Some of her favorite healthy mid-day snacks include an apple dipped in almond butter, a whole carrot, hard-cooked eggs, edamame or a container of 14 almonds with a couple of dried cranberries, mango or apricots.
5. Drink more water.
It's an obvious one, but we'd be remiss not to include it here—simply because it works.
"Water is filling and hydrating and can help make you feel full," says Muhlstein. "It is very common for people to confuse hunger for thirst. They think they are starving for food when really they just need of water."
Next time you feel "starved," try drinking 16 ounces of water before reaching for a snack. If you still feel hungry for food afterward, your body legitimately needs fuel—but if not, you just needed the hydration and can hold off on eating.
6. Don't forget the fiber.Although fiber's role in regulating weight gain and fullness is still under investigation, Hand notes that research indicates that a greater fiber intake appears to reduce appetite, decrease calorie intake and help to achieve a healthier body weight.
"Fiber’s role in hunger control is closely tied to the many types of fiber, each with differing physical and chemical properties," Hand says. She notes five ways in which fiber-rich foods achieve this:
7. Respect your hunger and fullness.
Along with Singer's tips on eating mindfully, registered dietitian Chelsey Amer stresses the importance of honoring your body's cues for hunger and fullness.
"When you eat according to your innate hunger and satiety cues, you won't overeat, you can eat foods that are satisfying to you and you won't feel like you're constantly on a diet," she says.
The key, according to Amer, is to learn to eat a proper balance of nutrients—protein, fiber and healthy fats—to give your body adequate energy and keep you full for a sustained period of time. When you balance the nutrients you eat instead of filling up on empty carbohydrates or just protein, you will eat more satisfying meals, which in the long run will help you manage and lose weight. Amer suggests working with a qualified nutrition professional to learn the basics of good nutrition.
8. Eat more low-density foods.
In her article on satiety, Hand, said that calorie density is the key to feel full without overeating.
"Calorie density refers to the number of calories per gram of food," Hand explains. "Foods that are high in calorie density contain a high number of calories per gram; foods that are low in calorie density contain a low number of calories per gram. When you eat too many calorie-dense foods, you’ll end up consuming a lot of calories to fill your belly. If you focus on low-calorie density foods, you can fill up on fewer calories because low-density foods contain a lot more water, which adds weight and volume to the food, but no calories."
Some examples of low-density foods include broth-based soups, fruits, leafy greens and non-starchy veggies.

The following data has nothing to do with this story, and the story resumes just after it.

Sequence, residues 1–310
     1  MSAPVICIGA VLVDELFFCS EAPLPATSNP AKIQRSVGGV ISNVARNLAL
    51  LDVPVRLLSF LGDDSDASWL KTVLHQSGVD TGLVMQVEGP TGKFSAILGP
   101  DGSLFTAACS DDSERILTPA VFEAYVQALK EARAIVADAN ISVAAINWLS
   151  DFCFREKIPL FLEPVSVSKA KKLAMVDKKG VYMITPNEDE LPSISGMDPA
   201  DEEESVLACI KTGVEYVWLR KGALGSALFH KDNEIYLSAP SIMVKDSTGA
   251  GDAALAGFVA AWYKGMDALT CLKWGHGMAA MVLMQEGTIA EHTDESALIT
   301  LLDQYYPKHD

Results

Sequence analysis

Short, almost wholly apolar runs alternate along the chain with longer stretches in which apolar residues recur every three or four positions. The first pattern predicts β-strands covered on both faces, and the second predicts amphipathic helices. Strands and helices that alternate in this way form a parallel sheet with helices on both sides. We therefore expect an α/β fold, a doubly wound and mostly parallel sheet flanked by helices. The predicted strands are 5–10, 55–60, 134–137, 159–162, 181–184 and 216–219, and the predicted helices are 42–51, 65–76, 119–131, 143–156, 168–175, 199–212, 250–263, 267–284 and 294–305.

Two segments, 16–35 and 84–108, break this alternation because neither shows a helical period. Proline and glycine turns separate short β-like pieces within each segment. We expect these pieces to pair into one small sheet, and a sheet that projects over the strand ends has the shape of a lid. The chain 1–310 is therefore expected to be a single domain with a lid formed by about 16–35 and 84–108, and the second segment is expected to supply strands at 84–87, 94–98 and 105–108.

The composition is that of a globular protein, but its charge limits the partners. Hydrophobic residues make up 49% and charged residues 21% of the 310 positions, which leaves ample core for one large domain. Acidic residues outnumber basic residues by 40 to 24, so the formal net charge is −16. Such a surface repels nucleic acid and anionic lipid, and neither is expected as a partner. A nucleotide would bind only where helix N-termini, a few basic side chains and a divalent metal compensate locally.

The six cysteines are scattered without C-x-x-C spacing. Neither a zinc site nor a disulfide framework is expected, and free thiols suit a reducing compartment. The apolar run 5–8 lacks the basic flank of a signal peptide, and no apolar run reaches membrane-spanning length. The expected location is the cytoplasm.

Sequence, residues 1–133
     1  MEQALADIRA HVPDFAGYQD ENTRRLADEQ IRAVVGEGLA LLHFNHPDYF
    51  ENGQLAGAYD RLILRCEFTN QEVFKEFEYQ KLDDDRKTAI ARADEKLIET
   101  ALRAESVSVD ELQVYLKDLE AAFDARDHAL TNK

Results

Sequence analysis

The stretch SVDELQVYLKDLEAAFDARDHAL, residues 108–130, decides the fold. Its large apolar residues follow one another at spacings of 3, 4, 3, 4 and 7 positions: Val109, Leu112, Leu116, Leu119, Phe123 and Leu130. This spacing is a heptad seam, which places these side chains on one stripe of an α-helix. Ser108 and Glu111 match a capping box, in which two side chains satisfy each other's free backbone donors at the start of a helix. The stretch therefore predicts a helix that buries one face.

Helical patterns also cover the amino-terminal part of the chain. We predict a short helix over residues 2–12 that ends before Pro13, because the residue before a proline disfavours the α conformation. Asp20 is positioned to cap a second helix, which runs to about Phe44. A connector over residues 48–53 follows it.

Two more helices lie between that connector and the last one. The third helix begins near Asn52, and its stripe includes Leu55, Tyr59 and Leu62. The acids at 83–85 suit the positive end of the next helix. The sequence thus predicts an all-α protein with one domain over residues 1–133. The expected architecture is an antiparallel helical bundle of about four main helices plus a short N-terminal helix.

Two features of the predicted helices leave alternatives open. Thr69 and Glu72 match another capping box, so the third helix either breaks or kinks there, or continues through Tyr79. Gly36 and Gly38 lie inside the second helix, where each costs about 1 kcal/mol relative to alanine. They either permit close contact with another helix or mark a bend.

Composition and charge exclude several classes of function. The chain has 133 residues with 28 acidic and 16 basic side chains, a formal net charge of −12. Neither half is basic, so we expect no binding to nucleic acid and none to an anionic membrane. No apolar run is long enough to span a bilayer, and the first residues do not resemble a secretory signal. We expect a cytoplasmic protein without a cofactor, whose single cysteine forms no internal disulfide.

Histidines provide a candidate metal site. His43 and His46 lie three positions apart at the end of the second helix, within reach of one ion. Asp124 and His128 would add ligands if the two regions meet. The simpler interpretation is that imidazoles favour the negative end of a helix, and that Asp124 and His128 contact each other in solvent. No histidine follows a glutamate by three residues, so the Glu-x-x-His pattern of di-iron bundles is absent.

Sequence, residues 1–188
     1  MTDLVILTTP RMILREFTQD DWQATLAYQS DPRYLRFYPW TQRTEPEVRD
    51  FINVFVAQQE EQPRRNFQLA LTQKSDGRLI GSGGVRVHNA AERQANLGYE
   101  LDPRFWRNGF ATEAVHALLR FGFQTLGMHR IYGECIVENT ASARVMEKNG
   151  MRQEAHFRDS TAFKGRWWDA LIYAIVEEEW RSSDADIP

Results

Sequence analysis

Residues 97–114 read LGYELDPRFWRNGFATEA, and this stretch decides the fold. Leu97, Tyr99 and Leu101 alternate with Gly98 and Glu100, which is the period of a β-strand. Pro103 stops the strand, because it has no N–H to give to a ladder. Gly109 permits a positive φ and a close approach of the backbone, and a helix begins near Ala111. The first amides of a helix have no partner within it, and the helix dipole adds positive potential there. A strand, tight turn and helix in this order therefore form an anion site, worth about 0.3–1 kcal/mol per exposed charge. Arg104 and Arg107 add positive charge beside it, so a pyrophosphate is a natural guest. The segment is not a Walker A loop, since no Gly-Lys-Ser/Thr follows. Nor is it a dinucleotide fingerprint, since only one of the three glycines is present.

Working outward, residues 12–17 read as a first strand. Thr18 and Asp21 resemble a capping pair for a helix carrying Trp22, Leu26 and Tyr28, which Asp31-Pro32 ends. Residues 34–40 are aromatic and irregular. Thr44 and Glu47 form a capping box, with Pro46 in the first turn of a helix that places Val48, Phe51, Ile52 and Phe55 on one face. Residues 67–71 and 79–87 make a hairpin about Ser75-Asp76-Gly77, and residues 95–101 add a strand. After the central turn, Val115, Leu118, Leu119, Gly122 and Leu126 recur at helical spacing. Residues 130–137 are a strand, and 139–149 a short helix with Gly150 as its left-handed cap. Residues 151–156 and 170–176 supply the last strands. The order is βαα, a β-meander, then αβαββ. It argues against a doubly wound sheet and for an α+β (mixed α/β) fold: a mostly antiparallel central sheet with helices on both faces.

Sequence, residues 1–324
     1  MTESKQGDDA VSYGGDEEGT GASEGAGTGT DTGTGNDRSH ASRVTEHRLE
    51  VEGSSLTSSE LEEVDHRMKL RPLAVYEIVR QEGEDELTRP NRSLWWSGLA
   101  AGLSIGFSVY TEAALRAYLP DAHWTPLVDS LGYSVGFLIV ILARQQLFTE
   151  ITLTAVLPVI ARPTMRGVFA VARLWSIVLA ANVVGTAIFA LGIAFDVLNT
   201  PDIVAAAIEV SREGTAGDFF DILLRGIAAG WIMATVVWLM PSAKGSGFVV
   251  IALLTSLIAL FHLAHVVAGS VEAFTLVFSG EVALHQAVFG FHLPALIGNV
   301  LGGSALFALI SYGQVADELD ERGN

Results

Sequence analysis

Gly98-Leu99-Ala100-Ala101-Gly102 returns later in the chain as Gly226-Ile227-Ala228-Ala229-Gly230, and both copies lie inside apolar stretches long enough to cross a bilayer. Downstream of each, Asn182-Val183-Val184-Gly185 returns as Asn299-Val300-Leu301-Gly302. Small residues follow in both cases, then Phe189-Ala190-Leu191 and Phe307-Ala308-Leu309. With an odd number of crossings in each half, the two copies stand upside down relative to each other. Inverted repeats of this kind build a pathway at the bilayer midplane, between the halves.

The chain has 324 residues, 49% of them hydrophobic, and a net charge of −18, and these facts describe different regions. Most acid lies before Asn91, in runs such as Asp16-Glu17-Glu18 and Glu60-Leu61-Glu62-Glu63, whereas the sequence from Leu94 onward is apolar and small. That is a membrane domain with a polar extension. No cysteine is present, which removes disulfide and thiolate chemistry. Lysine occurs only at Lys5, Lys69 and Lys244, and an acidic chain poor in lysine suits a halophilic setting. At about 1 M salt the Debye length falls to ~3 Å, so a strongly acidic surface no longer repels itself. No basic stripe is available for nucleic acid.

9. Choose the right kind of carbs.
Contrary to what you might have heard, carbs aren’t weight loss killers—as long as you're choosing them wisely. The key is to choose complex carbohydrates, which take longer for the body to digest, don't trigger an insulin spike and keep you feeling fuller (and more energized) for longer. Complex carbs can be found in things like legumes, brown rice, quinoa and oats.
Hand explains more about how to distinguish between "smart" and "shoddy" carbohydrates here.
10. Limit your options for each meal.
But isn't variety a good thing? Yes and no. Have you ever noticed that even when you're stuffed, you can always make room to try this one other thing, or to have dessert after a meal? Fitness trainer Kasey Shuler says this could be due to something called sensory-specific satiety. The National Institute of Health defines sensory-specific satiety as "a temporary decline in pleasure derived from consuming a certain food in comparison to other unconsumed foods."
"Basically, the more variety we have in front of us (such as an all-you-can-eat buffet), the more we will eat," Shuler explains. "This is a survival mechanism—the more variety we have in our diet, the more likely we will get all the nutrients we need. But the way our food has been manufactured, our brains light up in response to the dizzying array of flavors and lures us to keep eating more, usually in the form of extra calories our body doesn't need but our brain wants."
If you struggle with overeating during a certain meal, Shuler suggests trying to eat the same foods for that meal for a week (of course, the meal should meet all of your nutritional needs). If you only have one or two options, you may not be as inclined to keep eating once you're full.
Cutting calories is an unavoidable step in any weight-loss journey, but that doesn't have to mean feeling hungry all day. With these smart strategies, you can stay within your target range while still remaining satisfied (and sane) between meals.